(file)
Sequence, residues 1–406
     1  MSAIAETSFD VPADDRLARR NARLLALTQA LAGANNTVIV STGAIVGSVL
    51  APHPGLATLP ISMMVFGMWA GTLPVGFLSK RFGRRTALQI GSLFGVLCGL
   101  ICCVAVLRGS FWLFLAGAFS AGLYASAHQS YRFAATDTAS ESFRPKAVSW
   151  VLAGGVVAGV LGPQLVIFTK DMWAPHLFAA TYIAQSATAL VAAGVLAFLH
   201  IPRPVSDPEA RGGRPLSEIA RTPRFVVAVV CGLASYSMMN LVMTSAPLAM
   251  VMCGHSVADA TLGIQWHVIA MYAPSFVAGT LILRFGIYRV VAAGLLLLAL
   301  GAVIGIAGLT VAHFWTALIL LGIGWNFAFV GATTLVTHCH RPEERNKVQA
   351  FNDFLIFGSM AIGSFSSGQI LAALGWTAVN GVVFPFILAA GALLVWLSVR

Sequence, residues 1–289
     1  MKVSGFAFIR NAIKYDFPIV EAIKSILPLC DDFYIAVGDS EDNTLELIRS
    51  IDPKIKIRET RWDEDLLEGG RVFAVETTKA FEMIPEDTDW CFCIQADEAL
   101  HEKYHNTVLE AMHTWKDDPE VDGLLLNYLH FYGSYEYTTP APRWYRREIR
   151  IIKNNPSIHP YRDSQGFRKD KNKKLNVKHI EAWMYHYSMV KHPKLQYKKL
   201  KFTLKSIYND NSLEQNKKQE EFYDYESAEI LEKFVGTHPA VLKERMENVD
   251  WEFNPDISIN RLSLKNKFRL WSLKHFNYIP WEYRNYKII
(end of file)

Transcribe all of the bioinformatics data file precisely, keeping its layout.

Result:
Sequence, residues 1–406
     1  MSAIAETSFD VPADDRLARR NARLLALTQA LAGANNTVIV STGAIVGSVL
    51  APHPGLATLP ISMMVFGMWA GTLPVGFLSK RFGRRTALQI GSLFGVLCGL
   101  ICCVAVLRGS FWLFLAGAFS AGLYASAHQS YRFAATDTAS ESFRPKAVSW
   151  VLAGGVVAGV LGPQLVIFTK DMWAPHLFAA TYIAQSATAL VAAGVLAFLH
   201  IPRPVSDPEA RGGRPLSEIA RTPRFVVAVV CGLASYSMMN LVMTSAPLAM
   251  VMCGHSVADA TLGIQWHVIA MYAPSFVAGT LILRFGIYRV VAAGLLLLAL
   301  GAVIGIAGLT VAHFWTALIL LGIGWNFAFV GATTLVTHCH RPEERNKVQA
   351  FNDFLIFGSM AIGSFSSGQI LAALGWTAVN GVVFPFILAA GALLVWLSVR

Sequence, residues 1–289
     1  MKVSGFAFIR NAIKYDFPIV EAIKSILPLC DDFYIAVGDS EDNTLELIRS
    51  IDPKIKIRET RWDEDLLEGG RVFAVETTKA FEMIPEDTDW CFCIQADEAL
   101  HEKYHNTVLE AMHTWKDDPE VDGLLLNYLH FYGSYEYTTP APRWYRREIR
   151  IIKNNPSIHP YRDSQGFRKD KNKKLNVKHI EAWMYHYSMV KHPKLQYKKL
   201  KFTLKSIYND NSLEQNKKQE EFYDYESAEI LEKFVGTHPA VLKERMENVD
   251  WEFNPDISIN RLSLKNKFRL WSLKHFNYIP WEYRNYKII